In South Africa only 8 000 out of 24 000 schools have flushing toilets, with some schools comprising of over 1 000 children and no working toilets – leaving learners exposed to a number of diseases.
This is the alarming news, according to Domestos which is calling on South Africans to donate their pee to raise awareness on the poor state of sanitation in the country in light of World Toilet Day (WTD) that is marked annually on November 19.
Read: Sanitation crisis in Tembisa schools
“A day dedicated to toilets may seem a little meaningless at first glance, but it is the cold piece of porcelain in a closed room at arm’s length in our home that we take for granted could change a child’s life," said Unilever South Africa Brand Manager Cynthia Luthuli.
“It [a toilet] is a privilege not taken for granted by women who are faced with a choice of defecating in public with a risk of being raped or assaulted while walking to the nearest public toilet. Nor is it taken for granted by those who are subjected to cholera, diarrhoea and other health issues caused due to the lack of proper sanitation,” she said.
Jacques Laubscher, Senior Associate, Integrated Infrastructure Services at GIBB Engineering was a guest speaker at a Domestos media roundtable with UNICEF and the Department of Public Works in Johannesburg last week.
Laubscher shed light on the different type of suitable sanitation, including flushable toilets, down water stream systems, Ventilated Improved Pit (VIP) toilets, pit latrines, among others.
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He also highlighted the process and challenges involved in getting proper sewage systems built in more remote areas, as well as government's role in bringing proper sanitation to South Africa.
"The shortage of skills in SA contributes to the lack of proper sanitation, together with water, electricity and waste management, and should not be left to municipalities alone", said Laubscher
He suggested that options such as internships, the collaborative sharing of human resources, formal and informal on-site training should form part of Engineering students' compulsory practical training in honing their skills on the operation and maintenance of water and sanitation infrastructure.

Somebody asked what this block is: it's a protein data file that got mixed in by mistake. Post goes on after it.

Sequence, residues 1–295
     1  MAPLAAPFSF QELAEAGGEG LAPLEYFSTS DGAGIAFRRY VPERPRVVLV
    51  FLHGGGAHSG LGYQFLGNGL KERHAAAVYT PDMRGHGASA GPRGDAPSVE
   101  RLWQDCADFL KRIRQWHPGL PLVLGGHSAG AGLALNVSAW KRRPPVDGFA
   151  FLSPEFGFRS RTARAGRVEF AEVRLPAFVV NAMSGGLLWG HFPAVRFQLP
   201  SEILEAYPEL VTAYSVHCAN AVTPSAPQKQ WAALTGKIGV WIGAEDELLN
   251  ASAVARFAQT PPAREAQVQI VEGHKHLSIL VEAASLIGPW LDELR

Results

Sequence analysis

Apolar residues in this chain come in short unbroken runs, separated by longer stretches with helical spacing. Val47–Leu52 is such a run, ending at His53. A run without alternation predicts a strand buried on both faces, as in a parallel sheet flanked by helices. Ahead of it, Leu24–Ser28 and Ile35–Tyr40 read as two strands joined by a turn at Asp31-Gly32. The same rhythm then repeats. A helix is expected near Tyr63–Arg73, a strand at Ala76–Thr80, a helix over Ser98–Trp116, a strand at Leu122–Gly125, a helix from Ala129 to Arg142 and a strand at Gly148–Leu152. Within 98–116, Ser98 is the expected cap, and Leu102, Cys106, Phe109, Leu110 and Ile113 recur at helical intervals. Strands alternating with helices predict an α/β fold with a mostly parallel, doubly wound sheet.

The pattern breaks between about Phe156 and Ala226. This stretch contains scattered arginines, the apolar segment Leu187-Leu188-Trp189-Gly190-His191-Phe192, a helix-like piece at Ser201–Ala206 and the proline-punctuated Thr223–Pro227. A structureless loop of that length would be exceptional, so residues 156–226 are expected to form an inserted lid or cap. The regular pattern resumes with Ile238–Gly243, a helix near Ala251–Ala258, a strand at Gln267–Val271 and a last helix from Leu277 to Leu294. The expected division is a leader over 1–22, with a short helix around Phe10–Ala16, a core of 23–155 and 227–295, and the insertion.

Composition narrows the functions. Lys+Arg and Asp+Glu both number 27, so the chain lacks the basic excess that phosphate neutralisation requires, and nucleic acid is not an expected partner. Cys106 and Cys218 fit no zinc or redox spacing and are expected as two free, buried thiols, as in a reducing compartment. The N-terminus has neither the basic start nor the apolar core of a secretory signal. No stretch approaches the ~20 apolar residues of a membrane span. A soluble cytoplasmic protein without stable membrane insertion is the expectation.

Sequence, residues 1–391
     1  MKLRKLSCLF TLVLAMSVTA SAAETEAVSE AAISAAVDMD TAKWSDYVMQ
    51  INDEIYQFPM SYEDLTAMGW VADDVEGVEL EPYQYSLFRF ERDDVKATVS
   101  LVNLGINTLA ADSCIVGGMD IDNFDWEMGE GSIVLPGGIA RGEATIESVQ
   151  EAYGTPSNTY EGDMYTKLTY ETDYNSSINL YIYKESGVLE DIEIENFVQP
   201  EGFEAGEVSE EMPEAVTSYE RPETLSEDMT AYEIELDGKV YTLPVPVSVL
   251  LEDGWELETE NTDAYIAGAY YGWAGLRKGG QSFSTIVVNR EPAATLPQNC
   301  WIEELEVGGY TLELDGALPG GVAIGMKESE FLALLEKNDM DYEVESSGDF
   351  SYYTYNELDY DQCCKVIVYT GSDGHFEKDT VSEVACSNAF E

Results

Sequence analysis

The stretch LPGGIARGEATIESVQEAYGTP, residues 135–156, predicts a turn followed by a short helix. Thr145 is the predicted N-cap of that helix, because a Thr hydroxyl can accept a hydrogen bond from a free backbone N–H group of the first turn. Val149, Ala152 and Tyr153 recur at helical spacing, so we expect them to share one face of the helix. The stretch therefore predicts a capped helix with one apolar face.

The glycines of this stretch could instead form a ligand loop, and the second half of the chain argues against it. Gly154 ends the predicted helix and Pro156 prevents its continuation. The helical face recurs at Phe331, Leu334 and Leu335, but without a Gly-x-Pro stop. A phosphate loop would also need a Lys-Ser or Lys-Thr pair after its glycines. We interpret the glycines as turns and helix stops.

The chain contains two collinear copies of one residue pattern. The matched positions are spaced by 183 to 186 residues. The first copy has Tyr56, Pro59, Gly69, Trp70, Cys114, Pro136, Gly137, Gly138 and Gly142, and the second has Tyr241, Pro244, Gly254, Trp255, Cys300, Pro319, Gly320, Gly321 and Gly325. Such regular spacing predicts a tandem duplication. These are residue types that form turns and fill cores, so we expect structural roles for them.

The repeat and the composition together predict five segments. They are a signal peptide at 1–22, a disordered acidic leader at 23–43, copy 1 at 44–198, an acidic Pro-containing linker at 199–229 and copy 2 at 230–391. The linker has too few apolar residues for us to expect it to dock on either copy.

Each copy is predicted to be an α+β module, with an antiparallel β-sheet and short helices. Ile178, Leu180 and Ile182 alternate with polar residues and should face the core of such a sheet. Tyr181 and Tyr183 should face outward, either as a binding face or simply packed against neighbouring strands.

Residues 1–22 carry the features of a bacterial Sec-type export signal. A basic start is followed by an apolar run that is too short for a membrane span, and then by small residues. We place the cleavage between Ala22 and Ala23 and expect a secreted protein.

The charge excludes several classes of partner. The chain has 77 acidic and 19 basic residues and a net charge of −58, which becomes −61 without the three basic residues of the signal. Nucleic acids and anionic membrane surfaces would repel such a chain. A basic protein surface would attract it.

In September world leaders signed the Global Goals, which is a road map for global development until 2030, at the United Nations General Assembly. Sanitation is a vital part of these goals and Goal 6 in particular aims by 2030 to achieve access to adequate and equitable sanitation and hygiene for all and end open defecation, paying special attention to the needs of women and girls and those in vulnerable situations.
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Domestos believes that it is uniquely placed to play an active role in addressing the sanitation crisis. In 2014 it committed to helping 25 million people globally to gain improved access to a toilet by 2020. This is part of Unilever’s Sustainable Living Plan goal of helping 1 billion people improve their health and well-being.
Domestos’ WTD campaign is focusing on the impact of inadequate sanitation on children’s attendance at school. It is estimated that each year 443 million sick days are taken by children in the developing world - all due to unsanitary toilet conditions. That's the same as every child in South Africa missing school for 2 months.
"By putting the spotlight on this issue we hope to catalyse action, help everyone play their part in putting an end to this inequality, and draw attention to how improving sanitation will accelerate progress in achieving the Global Goals."
To date Domestos has helped 25 schools with new toilets and aided over 26 000 learners. This year Domestos launched the Hygiene Awareness programme in primary schools across the country, namely the ‘Germ Buster Club’.
Read: 'Every time I need the toilet, I have to crawl to the nearby bushes'
The programme aims to get learners to become brand ambassadors to their parents and spread the awareness of the importance of keeping toilets clean and hygienic at all times. In one year this program has reached over 113 000 learners in over 150 schools.
"Domestos believes in teaching children, from a very young age, the role of good sanitation both at home and in school, so that it will be inherent in their daily lives, their families, as well as those of their own children one day," Luthuli told Health24
The public is also encouraged to donate their pee to help us raise awareness of the poor state of sanitation in South Africa.
A mobile toilet and glass tank will situated on Maverick Corner at the Maboneng Precinct from Saturday November 14 until Tuesday November 17.
The glass tank will mimic the amount of pee collected over the 4 day campaign leading up to World Toilet Day.
Luthuli said the coloured water used will be recycled and donated back to the Maboneng Precinct.
"For every litre donated, Domestos will sponsor cleaning products to the equivalent volume. Domestos will also donate toilets to St Peter Calver School in Soweto," she said.
If you aren’t in Johannesburg, you can donate digitally. Simply leave out the ‘P’ in status updates and add #WorldToiletDay, #DonateYourP as well as tag @DomestosSA in your posts.
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